Behold, the journalism world turning itself into a pretzel.

So, there’s a show on HBO called The Wire. It’s pretty good, and one of the reasons why it’s pretty good is because it’s pretty accurate, and the main reason it’s pretty accurate is because it was created by a journalist, author and former Baltimore Sun reporter David Simon.

One of the key settings of The Wire this season is the newsroom of the Sun, and one of the plot points this season (you might want to stop here if you’re not keeping up) involves a reporter who appears not to be entirely above-board when it comes to accuracy. Because the show is watched and loved by a lot of journalists, media folk have been speculating about who the real-world model is for the reporter. The consensus is that it’s Jim Haner; you can see this 2000 story from the Baltimore City Paper for details as to why. Gist: A story in Brill’s Content voiced allegations that Haner “embellishes quotes and fabricates events, and that his editors protect their star reporter instead of disciplining him.” The main source for the magazine story was Simon.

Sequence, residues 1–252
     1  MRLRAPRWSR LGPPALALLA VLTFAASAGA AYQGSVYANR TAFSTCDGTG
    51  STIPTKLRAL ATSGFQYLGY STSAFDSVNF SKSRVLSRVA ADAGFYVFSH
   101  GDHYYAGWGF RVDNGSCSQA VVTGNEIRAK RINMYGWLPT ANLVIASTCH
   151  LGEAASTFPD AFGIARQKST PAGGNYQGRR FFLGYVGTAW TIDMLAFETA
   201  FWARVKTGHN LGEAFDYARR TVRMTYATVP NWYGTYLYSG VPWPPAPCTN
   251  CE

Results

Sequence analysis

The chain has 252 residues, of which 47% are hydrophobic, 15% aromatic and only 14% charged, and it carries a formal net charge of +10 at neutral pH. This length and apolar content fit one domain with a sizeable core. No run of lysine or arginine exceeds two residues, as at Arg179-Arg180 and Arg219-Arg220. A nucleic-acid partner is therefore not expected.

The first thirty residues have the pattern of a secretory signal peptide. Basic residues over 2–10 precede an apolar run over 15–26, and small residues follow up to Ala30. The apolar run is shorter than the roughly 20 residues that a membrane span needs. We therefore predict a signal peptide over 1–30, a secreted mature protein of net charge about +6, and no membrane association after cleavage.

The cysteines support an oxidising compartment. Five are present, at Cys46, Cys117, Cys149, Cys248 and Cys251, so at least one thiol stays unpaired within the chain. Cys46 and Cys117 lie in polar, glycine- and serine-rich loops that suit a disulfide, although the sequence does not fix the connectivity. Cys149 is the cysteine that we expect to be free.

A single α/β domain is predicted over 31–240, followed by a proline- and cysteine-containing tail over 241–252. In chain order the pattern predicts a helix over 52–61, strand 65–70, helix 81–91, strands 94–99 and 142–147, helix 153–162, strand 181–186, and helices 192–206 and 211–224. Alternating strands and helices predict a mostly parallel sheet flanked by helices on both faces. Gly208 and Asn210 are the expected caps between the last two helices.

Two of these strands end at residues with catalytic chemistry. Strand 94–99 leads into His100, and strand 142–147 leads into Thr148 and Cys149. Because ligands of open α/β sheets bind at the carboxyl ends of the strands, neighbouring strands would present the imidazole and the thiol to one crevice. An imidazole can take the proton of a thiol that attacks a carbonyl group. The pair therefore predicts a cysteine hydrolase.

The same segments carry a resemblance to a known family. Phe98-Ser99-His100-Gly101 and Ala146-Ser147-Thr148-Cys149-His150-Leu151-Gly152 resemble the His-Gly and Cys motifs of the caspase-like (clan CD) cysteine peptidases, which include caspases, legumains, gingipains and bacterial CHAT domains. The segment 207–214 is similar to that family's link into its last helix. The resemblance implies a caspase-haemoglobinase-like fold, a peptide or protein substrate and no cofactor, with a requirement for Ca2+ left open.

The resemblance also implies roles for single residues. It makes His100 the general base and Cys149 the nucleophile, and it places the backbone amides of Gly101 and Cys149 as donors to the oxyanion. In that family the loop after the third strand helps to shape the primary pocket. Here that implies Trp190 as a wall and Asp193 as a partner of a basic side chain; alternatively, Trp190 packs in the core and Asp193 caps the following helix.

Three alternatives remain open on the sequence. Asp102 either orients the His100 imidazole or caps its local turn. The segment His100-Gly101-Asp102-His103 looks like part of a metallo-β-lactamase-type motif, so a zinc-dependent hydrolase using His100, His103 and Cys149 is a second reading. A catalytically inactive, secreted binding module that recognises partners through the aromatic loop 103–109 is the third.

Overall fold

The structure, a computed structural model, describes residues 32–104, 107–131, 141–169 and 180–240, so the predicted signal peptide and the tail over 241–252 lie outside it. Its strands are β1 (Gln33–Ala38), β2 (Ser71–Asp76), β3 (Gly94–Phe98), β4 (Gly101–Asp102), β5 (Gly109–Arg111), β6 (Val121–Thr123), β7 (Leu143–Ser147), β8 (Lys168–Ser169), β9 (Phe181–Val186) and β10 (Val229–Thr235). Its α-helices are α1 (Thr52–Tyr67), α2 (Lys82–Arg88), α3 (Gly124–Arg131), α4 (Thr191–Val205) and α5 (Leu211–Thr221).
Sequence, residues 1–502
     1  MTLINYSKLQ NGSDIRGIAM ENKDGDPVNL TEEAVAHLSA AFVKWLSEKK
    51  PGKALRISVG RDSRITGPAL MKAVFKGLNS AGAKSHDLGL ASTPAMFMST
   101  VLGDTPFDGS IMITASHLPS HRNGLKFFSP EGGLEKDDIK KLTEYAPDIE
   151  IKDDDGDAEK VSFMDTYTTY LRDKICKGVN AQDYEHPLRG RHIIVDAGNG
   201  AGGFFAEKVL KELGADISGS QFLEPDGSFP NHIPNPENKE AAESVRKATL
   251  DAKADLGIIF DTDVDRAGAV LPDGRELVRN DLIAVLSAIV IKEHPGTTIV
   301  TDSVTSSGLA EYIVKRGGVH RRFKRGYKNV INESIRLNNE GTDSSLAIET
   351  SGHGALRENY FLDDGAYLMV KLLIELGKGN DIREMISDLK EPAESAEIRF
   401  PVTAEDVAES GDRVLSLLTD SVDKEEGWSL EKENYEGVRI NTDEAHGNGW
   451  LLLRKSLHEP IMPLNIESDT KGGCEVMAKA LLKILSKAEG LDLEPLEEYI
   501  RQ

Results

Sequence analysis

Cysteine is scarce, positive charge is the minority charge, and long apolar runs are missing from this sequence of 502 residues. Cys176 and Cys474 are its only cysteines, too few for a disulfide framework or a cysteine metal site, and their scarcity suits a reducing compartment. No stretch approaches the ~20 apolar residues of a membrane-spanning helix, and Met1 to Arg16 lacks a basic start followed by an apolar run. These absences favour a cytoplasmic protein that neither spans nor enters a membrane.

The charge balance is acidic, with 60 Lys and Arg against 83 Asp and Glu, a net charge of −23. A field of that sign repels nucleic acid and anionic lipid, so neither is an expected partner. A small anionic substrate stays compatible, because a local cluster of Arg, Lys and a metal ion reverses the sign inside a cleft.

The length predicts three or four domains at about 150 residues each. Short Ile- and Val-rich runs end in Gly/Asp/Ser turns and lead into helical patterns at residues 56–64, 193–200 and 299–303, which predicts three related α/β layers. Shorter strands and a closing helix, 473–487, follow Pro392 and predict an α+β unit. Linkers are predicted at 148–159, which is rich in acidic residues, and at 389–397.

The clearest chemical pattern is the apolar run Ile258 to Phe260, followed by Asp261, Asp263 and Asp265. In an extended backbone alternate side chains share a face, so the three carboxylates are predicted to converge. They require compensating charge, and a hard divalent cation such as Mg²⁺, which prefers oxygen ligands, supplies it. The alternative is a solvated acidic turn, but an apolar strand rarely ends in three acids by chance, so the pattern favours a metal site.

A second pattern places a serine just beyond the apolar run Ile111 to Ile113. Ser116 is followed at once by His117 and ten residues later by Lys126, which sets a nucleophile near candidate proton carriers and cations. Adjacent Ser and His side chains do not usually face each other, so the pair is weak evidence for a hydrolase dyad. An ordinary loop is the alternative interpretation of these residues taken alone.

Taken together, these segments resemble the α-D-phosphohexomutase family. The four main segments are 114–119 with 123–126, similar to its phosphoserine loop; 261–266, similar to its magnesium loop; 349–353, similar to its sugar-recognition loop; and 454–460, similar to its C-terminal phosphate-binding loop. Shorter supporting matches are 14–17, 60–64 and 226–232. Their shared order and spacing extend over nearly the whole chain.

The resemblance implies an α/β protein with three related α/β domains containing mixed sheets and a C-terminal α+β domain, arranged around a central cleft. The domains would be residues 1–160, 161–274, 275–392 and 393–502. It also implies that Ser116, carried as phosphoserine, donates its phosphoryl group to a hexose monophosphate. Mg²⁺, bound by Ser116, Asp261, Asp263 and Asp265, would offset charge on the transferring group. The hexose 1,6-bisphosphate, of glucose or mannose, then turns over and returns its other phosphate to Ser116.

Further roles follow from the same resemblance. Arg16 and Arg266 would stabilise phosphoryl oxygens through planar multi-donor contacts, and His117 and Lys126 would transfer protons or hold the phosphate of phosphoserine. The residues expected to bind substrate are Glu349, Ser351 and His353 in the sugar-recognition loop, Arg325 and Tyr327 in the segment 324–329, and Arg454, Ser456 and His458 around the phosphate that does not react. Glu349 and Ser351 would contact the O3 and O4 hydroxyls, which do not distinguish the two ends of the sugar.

Bill Wyman, a former assistant managing editor at National Public Radio, found a way to bring Washington City Paper into all this today. Wyman’s not a big fan of The Wire this season, partly for reasons involving Bill Marimow, an editor both he and David Simon have worked with. (You can learn all about that here. Welcome to the excruciatingly small world of journalism, kids! While we’re being parenthetical and insidery, I can add that for about a year Wyman improved my copy, a decade back when I was a freelancer for SF Weekly and he was arts editor there.) Having discovered the Haner connection, he came across Huan Hsu‘s 2006 Artifacts story on Haner. As for what Wyman makes of it, well, it’s simpler if Wyman tells it:

I think I know what enrages David Simon about his former colleague.

It’s a feeling certain journalists have about certain other journalists. You can be a serious, highly ethical professional and not feel it, but those that do know the feeling know what it means.

Curious? I am happy to be able to provide a test you can take at home. It’s for entertainment purposes only. Five years after the Baltimore stories cited above, Haner wrote a book about his experiences as a kids soccer coach. The Washington (D.C.) City Paper, which is not related to the Baltimore one, published a short feature about it. The test resides in the first paragraph of that story.